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Biosensor Device Uses CRISPR-Cas9 to Detect Target DNA Sequence

By Labmedica International staff writers
Posted on 01 Apr 2019
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Image: A close-up of the CRISPR-Chip device (Photo courtesy of Keck Graduate Institute).
Image: A close-up of the CRISPR-Chip device (Photo courtesy of Keck Graduate Institute).
A team of biomedical engineers has developed and tested a graphene-based biosensor device that uses CRISPR/Cas9 technology to enable the digital detection of a target DNA sequence within intact genomic material.

CRISPR/Cas9 is regarded as the cutting edge of molecular biology technology. CRISPRs (clustered regularly interspaced short palindromic repeats) are segments of prokaryotic DNA containing short repetitions of base sequences. Each repetition is followed by short segments of "spacer DNA" from previous exposures to a bacterial virus or plasmid. Since 2013, the CRISPR/Cas9 system has been used in research for gene editing (adding, disrupting, or changing the sequence of specific genes) and gene regulation. By delivering the Cas9 enzyme and appropriate guide RNAs (sgRNAs) into a cell, the organism's genome can be cut at any desired location. The conventional CRISPR/Cas9 system from Streptococcus pyogenes is composed of two parts: the Cas9 enzyme, which cleaves the DNA molecule and specific RNA guides that shepherd the Cas9 protein to the target gene on a DNA strand.

In contrast to classical methods for the detection of nucleic acids, which require many reagents and expensive and bulky instrumentation, the "CRISPR-Chip" device developed by investigators at the University of California, Berkeley (USA) and the Keck Graduate Institute (Claremont, CA, USA) exploited the gene-targeting capacity of catalytically deactivated CRISPR-associated protein 9 (Cas9) complexed with a specific single-guide RNA and immobilized on a graphene-based field-effect transistor. This created a label-free nucleic-acid-testing device whose output signal could be measured with a simple handheld reader.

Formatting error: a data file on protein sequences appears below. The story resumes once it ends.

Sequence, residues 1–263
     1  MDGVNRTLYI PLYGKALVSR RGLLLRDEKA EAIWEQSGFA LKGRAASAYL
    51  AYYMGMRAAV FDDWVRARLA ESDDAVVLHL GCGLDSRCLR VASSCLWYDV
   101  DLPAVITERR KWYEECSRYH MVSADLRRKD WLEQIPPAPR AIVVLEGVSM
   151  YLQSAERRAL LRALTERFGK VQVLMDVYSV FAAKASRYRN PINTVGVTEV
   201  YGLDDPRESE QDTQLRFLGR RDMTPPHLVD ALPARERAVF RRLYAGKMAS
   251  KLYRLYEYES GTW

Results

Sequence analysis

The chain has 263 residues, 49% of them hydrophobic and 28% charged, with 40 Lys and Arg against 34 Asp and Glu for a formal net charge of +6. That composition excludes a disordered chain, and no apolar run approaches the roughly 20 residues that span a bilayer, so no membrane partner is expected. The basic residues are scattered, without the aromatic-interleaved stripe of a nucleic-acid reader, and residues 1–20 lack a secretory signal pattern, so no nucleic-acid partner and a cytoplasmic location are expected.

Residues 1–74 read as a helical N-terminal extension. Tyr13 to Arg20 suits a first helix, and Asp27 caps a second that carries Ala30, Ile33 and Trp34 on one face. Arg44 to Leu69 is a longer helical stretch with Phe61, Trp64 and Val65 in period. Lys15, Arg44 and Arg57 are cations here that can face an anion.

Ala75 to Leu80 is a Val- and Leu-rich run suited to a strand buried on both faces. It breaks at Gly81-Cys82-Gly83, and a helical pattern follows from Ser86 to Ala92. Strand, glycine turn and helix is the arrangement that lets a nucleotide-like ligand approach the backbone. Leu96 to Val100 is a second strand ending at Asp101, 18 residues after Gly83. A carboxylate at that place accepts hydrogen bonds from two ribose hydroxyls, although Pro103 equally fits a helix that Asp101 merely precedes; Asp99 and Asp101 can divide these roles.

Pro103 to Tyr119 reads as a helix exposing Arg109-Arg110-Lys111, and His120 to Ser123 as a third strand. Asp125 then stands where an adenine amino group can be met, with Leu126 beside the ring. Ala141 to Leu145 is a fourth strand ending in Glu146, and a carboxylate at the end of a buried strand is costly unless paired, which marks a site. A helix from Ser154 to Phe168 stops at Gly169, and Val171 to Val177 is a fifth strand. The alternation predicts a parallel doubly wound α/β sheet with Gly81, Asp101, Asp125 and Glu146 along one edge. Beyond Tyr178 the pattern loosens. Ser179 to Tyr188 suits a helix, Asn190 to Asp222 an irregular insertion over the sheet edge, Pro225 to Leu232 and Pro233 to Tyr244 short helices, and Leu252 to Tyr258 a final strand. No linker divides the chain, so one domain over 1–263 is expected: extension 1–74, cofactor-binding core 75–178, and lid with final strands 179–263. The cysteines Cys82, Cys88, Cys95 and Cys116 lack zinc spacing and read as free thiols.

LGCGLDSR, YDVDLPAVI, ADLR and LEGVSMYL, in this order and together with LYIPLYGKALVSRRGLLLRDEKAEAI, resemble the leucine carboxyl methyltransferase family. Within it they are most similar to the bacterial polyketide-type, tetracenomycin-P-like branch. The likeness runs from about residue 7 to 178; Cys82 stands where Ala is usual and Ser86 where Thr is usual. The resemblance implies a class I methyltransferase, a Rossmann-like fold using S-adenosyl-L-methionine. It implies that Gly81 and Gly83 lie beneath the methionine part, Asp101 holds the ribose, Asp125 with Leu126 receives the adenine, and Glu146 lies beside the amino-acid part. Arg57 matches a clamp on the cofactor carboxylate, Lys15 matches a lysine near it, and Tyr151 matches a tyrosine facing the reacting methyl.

Mechanistically, the CRISPR complex located the target DNA site on the genome, bound to it, and triggered a change in the electrical conductance of the graphene, which, in turn, changed the electrical characteristics of the transistor. These changes were detected with a hand-held device.

The investigators used CRISPR–Chip to analyze DNA samples collected from HEK293T cell lines expressing blue fluorescent protein, and clinical samples of DNA with two distinct mutations at exons commonly deleted in individuals with Duchenne muscular dystrophy. In the presence of genomic DNA containing the target gene, CRISPR–Chip generated, within 15 minutes and without the need for amplification, a significant enhancement in output signal relative to samples lacking the target sequence.

"We have developed the first transistor that uses CRISPR to search your genome for potential mutations," said senior author Dr. Kiana Aran, assistant professor of medical diagnostics and therapeutics at the Keck Graduate Institute. "You just put your purified DNA sample on the chip, allow CRISPR to do the search and the graphene transistor reports the result of this search in minutes. Graphene's super-sensitivity enabled us to detect the DNA searching activities of CRISPR. CRISPR brought the selectivity, graphene transistors brought the sensitivity and, together, we were able to do this PCR-free or amplification-free detection. Combining modern nanoelectronics with modern biology opens a new door to get access to new biological information that was not accessible before."

The CRISP-Chip device was described in the March 25, 2019, online edition of the journal Nature Biomedical Engineering.

Related Links:
University of California, Berkeley
Keck Graduate Institute

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